BPDA and CJR issue new joint report on the impact of COVID-19 on incarcerated people, and the larger Black community

Save Black Lives takes a deep dive into the impact of COVID-19 and incarceration in Black communities through the lens of Black defenders and researchers.

WASHINGTON – The Black Public Defender Association and the Center for Justice Research at Texas Southern University today released “Save Black Lives: A Call for Racially-responsive Strategies and Resources for the Black Community during the COVID-19 Pandemic,” a comprehensive report that details why public health responses and strategies to address COVID-19 must be centered around race and the criminal legal system.  

“When the system fails to acknowledge the role that race is playing in the COVID-19 pandemic and develop racially equitable responses, greater harm is inflicted on the Black community, which is being devastated by this disease,” said  April Frazier Camara, Co-Founder and Chair of Black Public Defender Association. 

Black people are being infected and dying from COVID-19 at alarming rates and they are also overrepresented in carceral systems that increase their risk of exposure to this deadly virus. The report shows that race-neutral responses to the pandemic within the criminal legal system are ineffective, and how they cause harm to Black communities. 

“This report unpacks the nested structural reality of racial injustice, disciplinary bias, and the lack of attention directed at the practical needs of the historically disenfranchised,” said Howard Henderson, Founding Director of the Center for Justice Research.  

Solutions to COVID-19 within the criminal legal system should be developed with the expertise of Black public defenders and justice-oriented researchers, who are closest to the problem of mass incarceration and this pandemic.

Key findings and recommendations in the report:

Race-neutral advocacy in criminal legal and public health systems is harmful to Black lives. The first reporting of COVID-19 was presented under the guise of underlying health conditions and age, which soon had race-specific realities. Similarly, much of the advocacy around protecting people in prison has been race-neutral, even though Black people are over represented in carceral systems, and once released, will likely return to communities that are COVID-19 hotspots.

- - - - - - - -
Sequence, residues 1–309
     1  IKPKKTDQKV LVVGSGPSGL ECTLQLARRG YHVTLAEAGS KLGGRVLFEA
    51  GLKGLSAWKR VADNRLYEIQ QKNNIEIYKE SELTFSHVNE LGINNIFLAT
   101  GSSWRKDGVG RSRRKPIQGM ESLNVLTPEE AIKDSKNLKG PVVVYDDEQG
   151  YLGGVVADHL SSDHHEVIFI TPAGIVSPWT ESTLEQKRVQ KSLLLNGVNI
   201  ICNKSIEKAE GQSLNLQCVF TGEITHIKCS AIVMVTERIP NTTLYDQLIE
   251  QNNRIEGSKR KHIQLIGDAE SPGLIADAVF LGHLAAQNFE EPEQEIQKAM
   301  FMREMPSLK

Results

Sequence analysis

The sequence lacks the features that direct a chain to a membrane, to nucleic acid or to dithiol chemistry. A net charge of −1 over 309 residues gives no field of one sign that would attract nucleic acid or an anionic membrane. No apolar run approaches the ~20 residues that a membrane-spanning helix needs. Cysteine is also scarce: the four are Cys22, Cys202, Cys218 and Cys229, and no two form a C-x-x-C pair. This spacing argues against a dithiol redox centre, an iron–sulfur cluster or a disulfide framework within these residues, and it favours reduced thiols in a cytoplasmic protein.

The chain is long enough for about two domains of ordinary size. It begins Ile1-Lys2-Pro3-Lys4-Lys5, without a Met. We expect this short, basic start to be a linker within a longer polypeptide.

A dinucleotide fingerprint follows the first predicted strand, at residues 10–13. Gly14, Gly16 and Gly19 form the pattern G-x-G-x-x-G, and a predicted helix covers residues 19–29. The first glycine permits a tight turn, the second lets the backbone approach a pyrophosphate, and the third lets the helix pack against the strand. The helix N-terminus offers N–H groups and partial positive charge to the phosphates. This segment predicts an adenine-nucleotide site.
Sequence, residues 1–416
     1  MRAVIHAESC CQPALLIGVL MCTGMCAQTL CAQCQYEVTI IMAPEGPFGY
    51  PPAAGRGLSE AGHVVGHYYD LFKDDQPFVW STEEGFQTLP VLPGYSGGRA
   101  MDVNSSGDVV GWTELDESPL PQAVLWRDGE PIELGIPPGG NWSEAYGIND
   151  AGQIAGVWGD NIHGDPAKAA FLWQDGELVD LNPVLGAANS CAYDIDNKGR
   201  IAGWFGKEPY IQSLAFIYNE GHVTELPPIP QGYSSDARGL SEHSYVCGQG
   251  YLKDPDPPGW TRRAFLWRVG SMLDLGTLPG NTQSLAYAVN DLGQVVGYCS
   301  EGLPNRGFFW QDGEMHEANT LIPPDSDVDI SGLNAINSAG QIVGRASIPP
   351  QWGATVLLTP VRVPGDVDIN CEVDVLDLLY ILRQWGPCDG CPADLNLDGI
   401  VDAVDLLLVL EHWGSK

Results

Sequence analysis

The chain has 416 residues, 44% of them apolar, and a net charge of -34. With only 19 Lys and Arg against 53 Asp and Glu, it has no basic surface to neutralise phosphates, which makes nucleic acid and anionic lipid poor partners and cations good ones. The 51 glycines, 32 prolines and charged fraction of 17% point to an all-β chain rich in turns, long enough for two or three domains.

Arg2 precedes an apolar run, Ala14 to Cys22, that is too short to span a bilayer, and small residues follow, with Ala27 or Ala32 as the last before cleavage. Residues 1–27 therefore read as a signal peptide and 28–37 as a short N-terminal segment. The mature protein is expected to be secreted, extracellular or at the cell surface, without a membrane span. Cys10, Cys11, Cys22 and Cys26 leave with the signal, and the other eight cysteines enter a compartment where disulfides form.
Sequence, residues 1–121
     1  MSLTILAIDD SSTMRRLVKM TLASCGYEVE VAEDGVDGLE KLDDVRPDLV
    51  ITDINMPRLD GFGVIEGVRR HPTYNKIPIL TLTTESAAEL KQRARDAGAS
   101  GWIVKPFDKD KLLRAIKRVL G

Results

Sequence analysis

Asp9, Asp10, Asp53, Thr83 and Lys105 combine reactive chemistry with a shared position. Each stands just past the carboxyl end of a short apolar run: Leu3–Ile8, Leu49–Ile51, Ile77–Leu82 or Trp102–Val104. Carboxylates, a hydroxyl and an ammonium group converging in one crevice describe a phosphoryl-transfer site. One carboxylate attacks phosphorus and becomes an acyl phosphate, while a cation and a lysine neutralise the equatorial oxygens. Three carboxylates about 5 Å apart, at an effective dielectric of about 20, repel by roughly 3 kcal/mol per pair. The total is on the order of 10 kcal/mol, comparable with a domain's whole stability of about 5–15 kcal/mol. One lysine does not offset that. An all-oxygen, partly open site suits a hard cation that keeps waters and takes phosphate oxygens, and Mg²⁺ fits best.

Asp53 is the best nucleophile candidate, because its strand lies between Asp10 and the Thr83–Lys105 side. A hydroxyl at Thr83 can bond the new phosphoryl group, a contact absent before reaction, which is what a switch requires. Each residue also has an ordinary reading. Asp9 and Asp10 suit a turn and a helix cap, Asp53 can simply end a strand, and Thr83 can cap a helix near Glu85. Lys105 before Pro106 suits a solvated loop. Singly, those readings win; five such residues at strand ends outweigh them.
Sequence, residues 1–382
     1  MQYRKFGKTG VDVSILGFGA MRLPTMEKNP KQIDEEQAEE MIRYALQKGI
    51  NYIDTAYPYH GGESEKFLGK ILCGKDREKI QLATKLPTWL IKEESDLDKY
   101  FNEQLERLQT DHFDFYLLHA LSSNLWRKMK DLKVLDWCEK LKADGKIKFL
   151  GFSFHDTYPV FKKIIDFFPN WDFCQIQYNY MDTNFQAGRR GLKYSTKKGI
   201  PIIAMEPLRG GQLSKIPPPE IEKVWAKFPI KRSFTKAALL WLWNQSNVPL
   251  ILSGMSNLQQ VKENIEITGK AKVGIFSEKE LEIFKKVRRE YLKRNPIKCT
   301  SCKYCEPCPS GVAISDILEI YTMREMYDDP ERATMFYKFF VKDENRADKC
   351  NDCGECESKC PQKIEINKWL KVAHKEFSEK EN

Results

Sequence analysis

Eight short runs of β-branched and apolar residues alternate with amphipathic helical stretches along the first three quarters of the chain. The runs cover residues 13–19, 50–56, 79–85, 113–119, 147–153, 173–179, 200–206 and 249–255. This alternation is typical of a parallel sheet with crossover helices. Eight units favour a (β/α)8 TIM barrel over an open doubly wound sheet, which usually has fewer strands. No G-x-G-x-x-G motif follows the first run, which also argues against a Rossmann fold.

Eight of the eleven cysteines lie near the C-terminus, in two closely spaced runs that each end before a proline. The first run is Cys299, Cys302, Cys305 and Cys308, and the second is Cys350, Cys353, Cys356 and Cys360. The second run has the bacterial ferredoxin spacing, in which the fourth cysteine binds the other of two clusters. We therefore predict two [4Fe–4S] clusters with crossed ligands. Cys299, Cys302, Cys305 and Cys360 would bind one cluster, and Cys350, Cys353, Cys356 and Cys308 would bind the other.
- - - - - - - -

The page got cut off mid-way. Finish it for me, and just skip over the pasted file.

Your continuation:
Black public defenders and Black researchers play a critical role in advancing equitable policy solutions to the COVID-19 pandemic within the criminal legal system. As members of a community impacted most severely by COVID-19 and incarceration, their voices are critical to developing culturally-responsive solutions, instead of blanket policies and research findings that fail to account for race or engage the Black community.

The COVID-19 crisis presents an opportunity to fight for decarceration measures that address and reduce racial disparities in the criminal legal system.

Decarceration must be coupled with effective reentry support and services. The overrepresentation of Black people in prisons and jails, combined with the alarmingly high rates of infections and deaths in the general Black population, shows the importance of proper reentry support to prevent the additional spread of this deadly disease. Policymakers have a responsibility to ensure reentry programs are adequately funded because the safety and health of people returning home from prisons and jails, and their communities, depend on it.

The COVID-19 crisis has highlighted that mass incarceration is a public health concern, and even more so, that we need to shift the traditional punishment paradigm of the criminal legal system to the more established approaches of public health and interdisciplinary perspectives for reducing social problems that often cause people to commit crimes.

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The Black Public Defender Association aims to improve the quality of defense provided to low-income communities across the United States by creating and maintaining a national network of skilled Black public defenders that identify with and are committed to the populations they serve.